Journal of the Faculty of Science, Hokkaido University. Series 4, Geology and mineralogy;Vol.XXI, No.4


Phytogeographic and Phylogenetic History of the Genus Nothofagus Bl. (Fagaceae) in the Southern Hemisphere

Tanai, Toshimasa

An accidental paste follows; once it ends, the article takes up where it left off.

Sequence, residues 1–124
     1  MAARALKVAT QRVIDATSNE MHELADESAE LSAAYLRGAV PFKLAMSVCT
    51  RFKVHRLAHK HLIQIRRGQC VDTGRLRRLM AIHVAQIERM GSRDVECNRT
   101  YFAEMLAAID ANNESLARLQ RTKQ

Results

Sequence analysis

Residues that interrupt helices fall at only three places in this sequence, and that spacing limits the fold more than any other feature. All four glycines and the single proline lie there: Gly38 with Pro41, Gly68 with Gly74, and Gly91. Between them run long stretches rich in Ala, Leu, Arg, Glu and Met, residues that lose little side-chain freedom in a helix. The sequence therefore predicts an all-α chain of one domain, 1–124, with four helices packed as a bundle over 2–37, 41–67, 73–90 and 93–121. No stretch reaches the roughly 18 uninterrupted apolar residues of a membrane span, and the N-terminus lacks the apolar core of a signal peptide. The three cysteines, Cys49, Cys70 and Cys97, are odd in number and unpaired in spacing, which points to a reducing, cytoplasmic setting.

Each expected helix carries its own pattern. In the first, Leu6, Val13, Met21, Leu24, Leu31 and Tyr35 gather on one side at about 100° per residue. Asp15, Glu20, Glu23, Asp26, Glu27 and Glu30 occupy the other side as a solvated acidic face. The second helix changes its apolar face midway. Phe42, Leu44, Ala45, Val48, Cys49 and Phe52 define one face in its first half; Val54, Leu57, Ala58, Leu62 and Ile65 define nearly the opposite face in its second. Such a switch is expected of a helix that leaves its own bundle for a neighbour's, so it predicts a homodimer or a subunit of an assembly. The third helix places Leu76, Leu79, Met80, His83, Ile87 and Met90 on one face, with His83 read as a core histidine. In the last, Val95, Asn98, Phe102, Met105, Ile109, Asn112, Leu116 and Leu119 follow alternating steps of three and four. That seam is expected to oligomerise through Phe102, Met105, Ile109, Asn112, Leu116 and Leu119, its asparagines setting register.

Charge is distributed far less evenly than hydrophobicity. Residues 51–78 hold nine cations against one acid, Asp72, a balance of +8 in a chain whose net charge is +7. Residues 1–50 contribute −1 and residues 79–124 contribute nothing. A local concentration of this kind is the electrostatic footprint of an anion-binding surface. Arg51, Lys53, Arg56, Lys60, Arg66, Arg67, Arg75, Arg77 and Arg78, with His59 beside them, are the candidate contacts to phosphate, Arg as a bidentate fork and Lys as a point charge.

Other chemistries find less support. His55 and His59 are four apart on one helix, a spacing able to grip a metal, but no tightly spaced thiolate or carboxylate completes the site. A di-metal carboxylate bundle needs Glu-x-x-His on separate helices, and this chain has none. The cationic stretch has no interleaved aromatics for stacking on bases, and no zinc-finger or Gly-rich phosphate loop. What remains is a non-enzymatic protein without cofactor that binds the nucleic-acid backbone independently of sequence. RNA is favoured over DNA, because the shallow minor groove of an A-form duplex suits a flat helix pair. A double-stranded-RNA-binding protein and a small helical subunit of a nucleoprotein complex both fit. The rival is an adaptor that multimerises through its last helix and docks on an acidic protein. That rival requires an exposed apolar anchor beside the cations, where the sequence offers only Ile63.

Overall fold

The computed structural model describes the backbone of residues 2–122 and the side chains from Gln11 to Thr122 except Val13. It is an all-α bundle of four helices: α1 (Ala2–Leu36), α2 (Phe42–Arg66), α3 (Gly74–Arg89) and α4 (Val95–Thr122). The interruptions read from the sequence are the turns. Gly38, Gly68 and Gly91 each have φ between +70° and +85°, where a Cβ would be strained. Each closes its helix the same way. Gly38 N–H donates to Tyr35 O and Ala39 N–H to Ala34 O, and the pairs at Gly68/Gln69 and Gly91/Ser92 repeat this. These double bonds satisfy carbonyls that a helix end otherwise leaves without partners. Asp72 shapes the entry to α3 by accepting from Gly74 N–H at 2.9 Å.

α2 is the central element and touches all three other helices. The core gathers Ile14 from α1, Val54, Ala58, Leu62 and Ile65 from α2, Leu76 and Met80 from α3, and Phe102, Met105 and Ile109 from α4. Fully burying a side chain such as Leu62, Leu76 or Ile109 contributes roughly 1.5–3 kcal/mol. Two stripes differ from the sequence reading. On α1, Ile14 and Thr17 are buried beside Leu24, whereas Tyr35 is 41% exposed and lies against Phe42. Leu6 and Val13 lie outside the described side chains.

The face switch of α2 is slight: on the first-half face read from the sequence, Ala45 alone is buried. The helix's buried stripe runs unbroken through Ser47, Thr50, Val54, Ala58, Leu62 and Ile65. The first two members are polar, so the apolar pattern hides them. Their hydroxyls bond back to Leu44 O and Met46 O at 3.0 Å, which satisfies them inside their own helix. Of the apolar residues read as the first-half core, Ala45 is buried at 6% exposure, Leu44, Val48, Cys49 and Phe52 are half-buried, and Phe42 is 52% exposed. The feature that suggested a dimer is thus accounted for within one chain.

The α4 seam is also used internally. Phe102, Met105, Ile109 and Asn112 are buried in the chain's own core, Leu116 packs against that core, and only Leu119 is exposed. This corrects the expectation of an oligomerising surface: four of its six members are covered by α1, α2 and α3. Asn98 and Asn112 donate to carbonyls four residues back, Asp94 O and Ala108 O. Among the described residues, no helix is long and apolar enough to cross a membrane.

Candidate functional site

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The genus Nothofagus Bl. (Fagaceae) is one of the representative tree genera in the temperate forests of the southern hemisphere, and its phytogeographic history has been in controversy regarding the origin and dispersal route. Based on a recent collection from the Tertiary of southern Chile, all the previously-described species of Nothofagus or Nothofagus-like leaf fossils from South America and West Antarctica were reinvestigated, and compared with leaf architecture of nearly all the extant species of the genus in their phylogenetic relationships. The investigation of straligraphic and areal distribution of fossils (leaves, wood and pollen) in South America reveals that Nothofagus gradually dispersed northward from the Antarctic region since Late Cretaceous to Miocene time. Leaves and pollen occur abundantly with various species in the Oligocene and the Lower Miocene of the Patagonia region compared with paucity in the same horizons of northern region. This northward dispersal corresponds with the considerably descreasing temperature since Late Eocene age, which was suggested by oxygen isotope studies of sub-antarctic marine animal fossils. The bibliographic survey of fossil records of Nothofagus leaves and pollen in other southern continents and deep-sea sediments further substantiated a conclusion that this genus seems to have been in southern origin during Late Cretaceous time. The comparison of leaf architecture with all the morphological characters of extant species allows that 36 extant species of Nothofagus are classified into five groups. A scheme of phylogenetic relationships of these extant species is proposed here, and it is consistent with breakup sequences of the Gondwanaland that is generally accepted by most workers.